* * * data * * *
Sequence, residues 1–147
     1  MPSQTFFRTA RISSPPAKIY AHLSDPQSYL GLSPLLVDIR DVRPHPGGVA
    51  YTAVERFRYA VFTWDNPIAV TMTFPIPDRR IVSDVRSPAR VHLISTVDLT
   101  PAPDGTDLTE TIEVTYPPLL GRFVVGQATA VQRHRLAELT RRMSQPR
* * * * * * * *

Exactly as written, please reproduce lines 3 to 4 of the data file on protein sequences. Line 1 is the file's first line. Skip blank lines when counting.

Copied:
    51  YTAVERFRYA VFTWDNPIAV TMTFPIPDRR IVSDVRSPAR VHLISTVDLT
   101  PAPDGTDLTE TIEVTYPPLL GRFVVGQATA VQRHRLAELT RRMSQPR